A veteran journalist's screed about the tyranny of the environmental movement in rural America. With much of American biological diversity located in rural areas, it stands to reason that the people and ways of life most strongly affected by the work of conservationists are found in the hinterlands. Former Globe and Mail, Time and Life contributor Nickson (The Monkey Puzzle Tree, 1994), who owns forest property on an island in the Pacific Northwest, waged a long battle against environmentalists there for the right to build another house on her property. Aghast at her encounter with environmental regulations, the author decided to investigate environmentalism's impact across the country. Her book is a chronicle of her personal struggle to claim her rights as a property owner and a broad, ranting overview of the environmental movement, "a grand idea corrupted by powerful fanatics" whose nongovernmental organizations rely on "a suffocating web of lies, distortions, fearmongering, and bad science." Conservation biology and the "sophistry" of Harvard scientist E.O. Wilson, with his overblown claims of species extinction, have curtailed the use of natural resources, extinguished jobs, forced rural people off the land, and sharply diminished working- and middle-class incomes. Nickson characterizes The Nature Conservancy, a leading NGO, as a wealthy group of "virtuecrats" with deep corporate ties. Like other groups, it uses the Endangered Species Act as a weapon to "destroy rural America." The author chronicles her interviews with aggrieved ranchers, other property owners and like-minded individuals such as philosopher of science Alton Chase, who faults conservation biology and researchers at the Property and Environment Research Center, a free-market think tank. Nickson's sledgehammer approach contributes little to understanding the clash between conservationists and property owners. A broad-brush demonization of environmentalism.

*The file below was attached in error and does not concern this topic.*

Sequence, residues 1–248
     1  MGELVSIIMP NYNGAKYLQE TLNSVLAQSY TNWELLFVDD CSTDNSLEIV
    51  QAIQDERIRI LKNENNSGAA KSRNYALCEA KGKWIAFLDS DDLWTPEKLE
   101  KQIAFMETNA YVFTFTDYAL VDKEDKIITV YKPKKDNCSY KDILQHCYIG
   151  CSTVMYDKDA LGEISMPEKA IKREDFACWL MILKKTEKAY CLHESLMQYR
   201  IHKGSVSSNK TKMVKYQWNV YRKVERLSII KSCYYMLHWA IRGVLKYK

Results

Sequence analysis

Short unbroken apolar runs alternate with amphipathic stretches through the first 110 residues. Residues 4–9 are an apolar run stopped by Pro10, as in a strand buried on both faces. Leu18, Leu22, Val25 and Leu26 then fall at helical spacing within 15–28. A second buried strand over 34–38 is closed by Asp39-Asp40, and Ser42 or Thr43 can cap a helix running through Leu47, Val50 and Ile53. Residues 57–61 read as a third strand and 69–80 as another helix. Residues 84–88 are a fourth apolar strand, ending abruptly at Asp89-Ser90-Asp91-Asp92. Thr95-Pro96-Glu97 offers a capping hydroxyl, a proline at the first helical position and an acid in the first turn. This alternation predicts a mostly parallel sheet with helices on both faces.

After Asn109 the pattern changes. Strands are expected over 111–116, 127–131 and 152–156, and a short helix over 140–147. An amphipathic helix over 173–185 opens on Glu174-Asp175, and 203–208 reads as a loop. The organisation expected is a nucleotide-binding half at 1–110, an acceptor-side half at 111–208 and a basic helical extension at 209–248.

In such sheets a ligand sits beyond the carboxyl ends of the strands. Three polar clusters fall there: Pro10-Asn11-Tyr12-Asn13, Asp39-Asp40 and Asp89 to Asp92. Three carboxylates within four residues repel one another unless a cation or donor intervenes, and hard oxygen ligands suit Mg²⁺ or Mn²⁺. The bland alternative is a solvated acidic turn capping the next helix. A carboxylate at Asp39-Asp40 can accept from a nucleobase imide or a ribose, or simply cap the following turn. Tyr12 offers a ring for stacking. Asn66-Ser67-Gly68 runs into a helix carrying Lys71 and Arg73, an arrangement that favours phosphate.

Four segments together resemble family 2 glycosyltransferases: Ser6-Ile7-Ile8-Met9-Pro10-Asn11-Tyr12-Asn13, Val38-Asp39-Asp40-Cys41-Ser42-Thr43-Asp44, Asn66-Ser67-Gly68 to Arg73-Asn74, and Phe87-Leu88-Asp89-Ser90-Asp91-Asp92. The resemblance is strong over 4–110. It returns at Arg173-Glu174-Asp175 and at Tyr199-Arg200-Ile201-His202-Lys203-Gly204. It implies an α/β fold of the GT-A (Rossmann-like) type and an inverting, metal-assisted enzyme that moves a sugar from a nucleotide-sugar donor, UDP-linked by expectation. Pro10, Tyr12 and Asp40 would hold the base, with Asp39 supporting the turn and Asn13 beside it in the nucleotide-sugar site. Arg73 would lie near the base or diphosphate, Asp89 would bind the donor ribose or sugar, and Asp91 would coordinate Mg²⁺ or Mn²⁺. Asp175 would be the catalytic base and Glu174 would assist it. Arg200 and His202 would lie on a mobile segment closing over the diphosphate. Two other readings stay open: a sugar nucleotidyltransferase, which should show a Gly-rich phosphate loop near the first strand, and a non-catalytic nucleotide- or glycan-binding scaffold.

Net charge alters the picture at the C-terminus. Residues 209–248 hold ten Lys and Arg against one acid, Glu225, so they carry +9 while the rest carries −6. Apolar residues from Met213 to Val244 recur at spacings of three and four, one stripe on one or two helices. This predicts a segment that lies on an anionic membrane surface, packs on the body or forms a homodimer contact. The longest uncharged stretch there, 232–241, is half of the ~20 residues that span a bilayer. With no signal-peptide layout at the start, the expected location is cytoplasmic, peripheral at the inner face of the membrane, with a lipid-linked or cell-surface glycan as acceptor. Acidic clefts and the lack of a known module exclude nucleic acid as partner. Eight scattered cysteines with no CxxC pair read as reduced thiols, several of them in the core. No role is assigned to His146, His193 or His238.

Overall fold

Product Details

ISBN-13:
9780062080059
Publisher:
HarperCollins Publishers
Publication date:
10/16/2012
Sold by:
HARPERCOLLINS
Format:
NOOK Book
Pages:
384
Sales rank:
1,167,842
File size:
558 KB

Meet the Author

Columnist, investigative journalist, and novelist Elizabeth Nickson was European bureau chief of Life magazine and a reporter for Time magazine, and has written for many international publications. She lives on Salt Spring Island in the Pacific Northwest.

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Eco-Fascists: How Radical Conservationists Are Destroying Our Natural Heritage 4 out of 5 based on 0 ratings. 2 reviews.
Anonymous 9 months ago
This book succeeded in being both informational, and personal. And did so seamlessly.
Anonymous More than 1 year ago
Very thorough, imformative and relevant for today's issues.